CCPR: How are we doing as a field in identifying and treating anxiety disorders in children and adolescents?
Dr. Abright: Efforts to improve collaboration with pediatricians and other providers are in progress, but much remains to be accomplished. Psychotherapeutic and psychopharmacologic treatments can be effective in the short term for anxiety disorders in children. However, about 50% of patients receiving gold-standard treatments continue to have symptoms, and over half of individuals in this age group do not receive any treatment, while even fewer receive evidence-based treatments (www.childmind.org/2015-childrens-mental-health-report/#gap).
CCPR: What does the CPG tell us about assessment of anxiety disorders?
Dr. Abright: Engage and educate children and parents or other guardians; distinguish transient fears and worries associated with developmental stages from the persistent and impairing symptoms that characterize anxiety disorders; track symptom intensity and frequency and related impairments; treat psychiatric and medical comorbidities; and address traumatic and other stressors. These guideline statements regarding assessment are based on expert consensus as reflected in standard textbooks and other sources (Dulcan MK. Dulcan’s Textbook of Child and Adolescent Psychiatry. 2nd ed. Washington, DC: American Psychiatric Association Publishing; 2016).
CCPR: What does the CPG say about using scales and questionnaires to help with screening and assessments? Does it mention any specific instruments?
Dr. Abright: The US Preventive Services Task Force recommends universal screening for depression in adolescents but does not have a similar screening recommendation for anxiety disorders. Yet, screening for anxiety is important in specialty and non-specialty clinical settings as well as in schools and community agencies, especially in view of the high prevalence rates and associated distress and impairment in young people. Use rating scales and other measures that are brief, easy to administer and score, freely available, and compatible with electronic medical records. The online version of the CPG includes links to a broad-based and widely used instrument called the Pediatric Symptom Checklist (www.tinyurl.com/pv82dw5j). It can be used for screening for a range of conditions, including anxiety disorders. The CPG also links to anxiety disorder–specific scales such as the Generalized Anxiety Disorder 7 (GAD-7; www.tinyurl.com/yc5fy2f9) or the SCARED (Screen for Child Anxiety Related Emotional Disorders; www.tinyurl.com/vyerrsy7), which can be used to gauge level of anxiety and screen for specific types of anxiety disorders.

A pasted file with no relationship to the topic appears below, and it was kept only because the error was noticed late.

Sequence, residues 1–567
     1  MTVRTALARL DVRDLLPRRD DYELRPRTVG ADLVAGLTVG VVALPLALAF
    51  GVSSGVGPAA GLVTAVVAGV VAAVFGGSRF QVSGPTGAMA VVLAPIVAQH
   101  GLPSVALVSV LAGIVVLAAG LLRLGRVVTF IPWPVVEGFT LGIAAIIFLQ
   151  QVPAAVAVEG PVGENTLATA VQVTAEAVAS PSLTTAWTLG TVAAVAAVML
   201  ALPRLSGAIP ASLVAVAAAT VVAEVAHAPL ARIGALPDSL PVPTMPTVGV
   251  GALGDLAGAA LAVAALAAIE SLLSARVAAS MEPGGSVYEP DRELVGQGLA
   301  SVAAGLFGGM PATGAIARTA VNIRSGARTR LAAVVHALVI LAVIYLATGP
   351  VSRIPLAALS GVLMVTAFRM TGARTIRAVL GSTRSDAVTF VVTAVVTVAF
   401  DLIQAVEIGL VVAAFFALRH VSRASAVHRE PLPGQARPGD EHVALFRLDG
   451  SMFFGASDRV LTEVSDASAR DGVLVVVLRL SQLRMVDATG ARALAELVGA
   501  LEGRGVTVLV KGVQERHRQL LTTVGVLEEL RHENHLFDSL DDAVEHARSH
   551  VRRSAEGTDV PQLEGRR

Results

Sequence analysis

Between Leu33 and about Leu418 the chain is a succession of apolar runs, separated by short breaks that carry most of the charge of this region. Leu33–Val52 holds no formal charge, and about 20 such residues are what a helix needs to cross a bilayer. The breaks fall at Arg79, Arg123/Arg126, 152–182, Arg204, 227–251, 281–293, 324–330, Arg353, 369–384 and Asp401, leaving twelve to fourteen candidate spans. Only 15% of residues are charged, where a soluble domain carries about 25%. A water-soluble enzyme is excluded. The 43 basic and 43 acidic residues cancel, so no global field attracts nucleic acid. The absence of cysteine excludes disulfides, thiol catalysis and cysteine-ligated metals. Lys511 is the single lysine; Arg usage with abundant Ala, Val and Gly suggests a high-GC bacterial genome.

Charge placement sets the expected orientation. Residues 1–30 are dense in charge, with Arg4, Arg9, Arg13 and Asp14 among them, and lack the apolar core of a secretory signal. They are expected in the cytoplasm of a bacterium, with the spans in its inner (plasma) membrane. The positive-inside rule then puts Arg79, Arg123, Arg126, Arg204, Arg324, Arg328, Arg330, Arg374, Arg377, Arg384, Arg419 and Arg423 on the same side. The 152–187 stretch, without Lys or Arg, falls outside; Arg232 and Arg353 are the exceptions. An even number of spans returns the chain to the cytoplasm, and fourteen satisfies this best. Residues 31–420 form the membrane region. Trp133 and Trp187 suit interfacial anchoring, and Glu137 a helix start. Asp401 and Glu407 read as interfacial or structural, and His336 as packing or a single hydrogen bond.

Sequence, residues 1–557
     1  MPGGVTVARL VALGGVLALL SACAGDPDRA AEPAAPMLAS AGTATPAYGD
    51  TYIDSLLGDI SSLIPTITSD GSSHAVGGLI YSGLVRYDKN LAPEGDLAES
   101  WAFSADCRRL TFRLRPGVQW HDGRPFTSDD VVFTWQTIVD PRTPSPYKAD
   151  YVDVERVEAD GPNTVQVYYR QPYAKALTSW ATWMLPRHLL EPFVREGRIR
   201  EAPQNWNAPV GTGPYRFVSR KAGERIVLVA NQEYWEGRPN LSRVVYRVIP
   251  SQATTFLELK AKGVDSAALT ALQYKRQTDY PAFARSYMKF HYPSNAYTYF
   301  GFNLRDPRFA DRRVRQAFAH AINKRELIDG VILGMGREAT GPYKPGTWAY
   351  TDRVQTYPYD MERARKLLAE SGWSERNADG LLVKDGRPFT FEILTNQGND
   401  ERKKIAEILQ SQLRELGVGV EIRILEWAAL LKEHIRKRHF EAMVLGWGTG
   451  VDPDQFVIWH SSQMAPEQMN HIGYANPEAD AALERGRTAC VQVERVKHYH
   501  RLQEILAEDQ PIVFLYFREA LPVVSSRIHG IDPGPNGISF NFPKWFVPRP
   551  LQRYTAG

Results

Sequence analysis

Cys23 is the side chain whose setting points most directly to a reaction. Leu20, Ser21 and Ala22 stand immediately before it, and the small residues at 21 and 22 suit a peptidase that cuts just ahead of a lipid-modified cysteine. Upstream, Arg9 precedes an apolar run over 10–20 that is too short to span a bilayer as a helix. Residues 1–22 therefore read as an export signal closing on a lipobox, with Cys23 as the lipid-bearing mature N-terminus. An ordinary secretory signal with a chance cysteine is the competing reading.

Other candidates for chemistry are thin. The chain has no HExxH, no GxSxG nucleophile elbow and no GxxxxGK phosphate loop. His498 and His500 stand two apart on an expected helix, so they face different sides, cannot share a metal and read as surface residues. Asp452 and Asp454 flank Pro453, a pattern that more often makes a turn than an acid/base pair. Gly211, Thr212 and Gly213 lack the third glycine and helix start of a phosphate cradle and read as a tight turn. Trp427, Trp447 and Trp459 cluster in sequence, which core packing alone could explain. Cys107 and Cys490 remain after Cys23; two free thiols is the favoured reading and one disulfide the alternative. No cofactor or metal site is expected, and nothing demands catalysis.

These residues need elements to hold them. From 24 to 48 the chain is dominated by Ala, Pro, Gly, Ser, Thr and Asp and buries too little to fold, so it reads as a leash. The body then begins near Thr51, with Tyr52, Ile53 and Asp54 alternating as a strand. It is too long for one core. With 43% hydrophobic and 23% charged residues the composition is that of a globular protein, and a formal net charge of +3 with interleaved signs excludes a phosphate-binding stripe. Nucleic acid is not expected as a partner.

CCPR: What does the CPG tell us about treatment?
Dr. Abright: The key take-home messages from the guideline are the recommendations and suggestions for CBT and SSRIs (alone or in combination) as safe and effective treatments for anxiety disorders in children and adolescents, and for SNRIs as additional treatment options. The evidence is limited, so the guideline does not include recommendations for sequencing of treatment based on severity (mild, moderate, severe), preferential use of one SSRI over another, effectiveness of non-CBT psychotherapies, or long-term safety risks of pharmacologic treatments.
CCPR: So, what does this mean for treatment of specific patients?
Dr. Abright: Treatment planning for specific patients should be based on individualized assessment of each patient’s symptoms, history, and response to previous treatments; differential diagnosis; collaboration with patients and families in development of patient-specific goals; and consideration of treatment options that take into account available evidence for potential benefits and risks, but also feasibility and acceptability for patients and families.
CCPR: The older Practice Parameters had different levels of confidence in their guidance. Is that true of the CPG?
Dr. Abright: The CPG has two levels of guidance: recommendations and suggestions. Recommendations indicate high strength of evidence and confidence that treatment benefits outweigh risks. Suggestions indicate lower strength of evidence and less confidence that benefits outweigh risks. The guideline recommends CBT and SSRIs for treatment of anxiety and suggests SNRIs and combination treatment with CBT and SSRIs as additional options.
CCPR: So, for a child with, say, social anxiety disorder, the family might pick therapy, medication, or both. If medication is part of the plan, what if the family asks for an SNRI, for example if another family member did well with it?
Dr. Abright: The suggestion for use of SNRIs is not as strong as the recommendation for SSRIs, but clinicians must also consider individual factors and patient and family preferences. The goal of the guideline is to offer evidence-based guidance that may assist clinicians in making treatment decisions. The guideline is not meant to limit reasonable treatment options based on clinical assessment, or to serve as a standard of care.